Being a mother means decreased hours and wages. No such change for dads.
This paper is an initial exploration of what we can learn regarding the drivers of the gender pay gap in New Zealand from combining administrative wage data, birth records, and survey data on hours worked and earnings. Our particular focus is the role of parenthood penalties in this pay gap. In NZ, as internationally, the gender pay gap is larger among parents than non-parents, though the mechanisms driving this relationship are not entirely clear. We use administrative wage data to describe the distribution of how long women are out of paid employment after having their first child and how this differs with pre-parenthood income. We then look at employment rates and wage earnings among employed women each month in the five years before and ten years after birth of their first child. We also compare women who spend different lengths of time out of employment both overall and within each pre-parenthood earnings quartile. Although this does not strictly isolate the causal effect of length of time out of employment on subsequent monthly earnings, it does show how, within earnings quartiles, women who return quickly to work increase their earnings lead over those who return more slowly.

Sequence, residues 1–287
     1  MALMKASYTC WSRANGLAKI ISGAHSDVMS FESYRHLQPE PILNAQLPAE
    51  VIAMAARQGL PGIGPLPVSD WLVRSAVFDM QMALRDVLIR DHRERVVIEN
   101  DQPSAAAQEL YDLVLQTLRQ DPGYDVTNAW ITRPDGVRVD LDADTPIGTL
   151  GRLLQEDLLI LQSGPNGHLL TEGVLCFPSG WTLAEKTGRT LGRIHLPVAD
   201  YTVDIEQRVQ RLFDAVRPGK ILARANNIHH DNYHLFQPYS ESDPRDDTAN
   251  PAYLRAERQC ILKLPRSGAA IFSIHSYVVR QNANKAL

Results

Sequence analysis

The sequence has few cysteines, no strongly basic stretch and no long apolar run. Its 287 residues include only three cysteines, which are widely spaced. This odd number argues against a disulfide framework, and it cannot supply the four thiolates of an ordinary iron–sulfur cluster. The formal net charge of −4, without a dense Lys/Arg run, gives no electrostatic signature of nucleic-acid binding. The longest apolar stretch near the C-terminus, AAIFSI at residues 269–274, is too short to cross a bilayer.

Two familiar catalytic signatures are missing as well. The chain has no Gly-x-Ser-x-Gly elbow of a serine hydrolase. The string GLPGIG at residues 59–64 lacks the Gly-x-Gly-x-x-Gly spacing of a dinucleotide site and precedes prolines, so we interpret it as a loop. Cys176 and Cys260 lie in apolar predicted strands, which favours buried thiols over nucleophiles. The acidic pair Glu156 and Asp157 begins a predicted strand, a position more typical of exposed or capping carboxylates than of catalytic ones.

Sin, Isabelle, Kabir Dasgupta and Gail Pacheco. 2018. “Parenthood and labour market outcomes.” Motu Working Paper 18-08, Motu Economic and Public Policy Research. Wellington, New Zealand. (Also a Ministry for Women Report.)